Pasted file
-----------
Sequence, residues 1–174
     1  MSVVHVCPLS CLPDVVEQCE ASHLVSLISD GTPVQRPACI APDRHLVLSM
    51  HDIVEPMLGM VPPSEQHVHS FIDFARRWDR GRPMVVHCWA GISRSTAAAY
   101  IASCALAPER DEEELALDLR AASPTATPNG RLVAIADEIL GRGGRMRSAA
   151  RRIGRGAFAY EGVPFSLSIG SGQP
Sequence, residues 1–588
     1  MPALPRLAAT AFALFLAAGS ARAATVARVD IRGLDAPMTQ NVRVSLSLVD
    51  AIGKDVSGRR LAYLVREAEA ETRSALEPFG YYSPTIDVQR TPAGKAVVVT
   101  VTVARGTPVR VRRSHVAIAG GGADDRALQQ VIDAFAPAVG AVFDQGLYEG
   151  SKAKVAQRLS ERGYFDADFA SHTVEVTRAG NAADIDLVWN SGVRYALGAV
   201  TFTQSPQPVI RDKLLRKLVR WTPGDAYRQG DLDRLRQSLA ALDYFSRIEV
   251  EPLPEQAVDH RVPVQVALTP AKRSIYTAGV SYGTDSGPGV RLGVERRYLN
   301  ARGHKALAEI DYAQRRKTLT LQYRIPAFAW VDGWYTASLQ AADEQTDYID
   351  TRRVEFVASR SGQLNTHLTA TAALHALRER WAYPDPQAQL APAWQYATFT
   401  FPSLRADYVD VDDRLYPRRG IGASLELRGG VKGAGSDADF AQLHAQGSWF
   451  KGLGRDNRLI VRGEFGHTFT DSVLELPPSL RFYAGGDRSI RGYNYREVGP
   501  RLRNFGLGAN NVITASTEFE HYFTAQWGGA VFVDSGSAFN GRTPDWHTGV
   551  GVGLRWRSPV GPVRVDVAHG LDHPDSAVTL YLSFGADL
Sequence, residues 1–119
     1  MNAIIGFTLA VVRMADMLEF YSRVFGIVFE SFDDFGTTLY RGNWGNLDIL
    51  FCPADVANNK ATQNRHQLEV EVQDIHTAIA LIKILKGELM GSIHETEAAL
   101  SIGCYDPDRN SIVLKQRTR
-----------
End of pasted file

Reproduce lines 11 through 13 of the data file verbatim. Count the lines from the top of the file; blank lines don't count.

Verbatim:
   201  TFTQSPQPVI RDKLLRKLVR WTPGDAYRQG DLDRLRQSLA ALDYFSRIEV
   251  EPLPEQAVDH RVPVQVALTP AKRSIYTAGV SYGTDSGPGV RLGVERRYLN
   301  ARGHKALAEI DYAQRRKTLT LQYRIPAFAW VDGWYTASLQ AADEQTDYID